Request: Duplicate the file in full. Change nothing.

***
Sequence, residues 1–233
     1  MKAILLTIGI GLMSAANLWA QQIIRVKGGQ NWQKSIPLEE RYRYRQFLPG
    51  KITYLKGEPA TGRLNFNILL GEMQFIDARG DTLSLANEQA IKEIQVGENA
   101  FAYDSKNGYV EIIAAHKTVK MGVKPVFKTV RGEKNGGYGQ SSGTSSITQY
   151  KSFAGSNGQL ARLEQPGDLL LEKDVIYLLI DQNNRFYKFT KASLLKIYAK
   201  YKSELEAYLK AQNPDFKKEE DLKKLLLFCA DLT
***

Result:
Sequence, residues 1–233
     1  MKAILLTIGI GLMSAANLWA QQIIRVKGGQ NWQKSIPLEE RYRYRQFLPG
    51  KITYLKGEPA TGRLNFNILL GEMQFIDARG DTLSLANEQA IKEIQVGENA
   101  FAYDSKNGYV EIIAAHKTVK MGVKPVFKTV RGEKNGGYGQ SSGTSSITQY
   151  KSFAGSNGQL ARLEQPGDLL LEKDVIYLLI DQNNRFYKFT KASLLKIYAK
   201  YKSELEAYLK AQNPDFKKEE DLKKLLLFCA DLT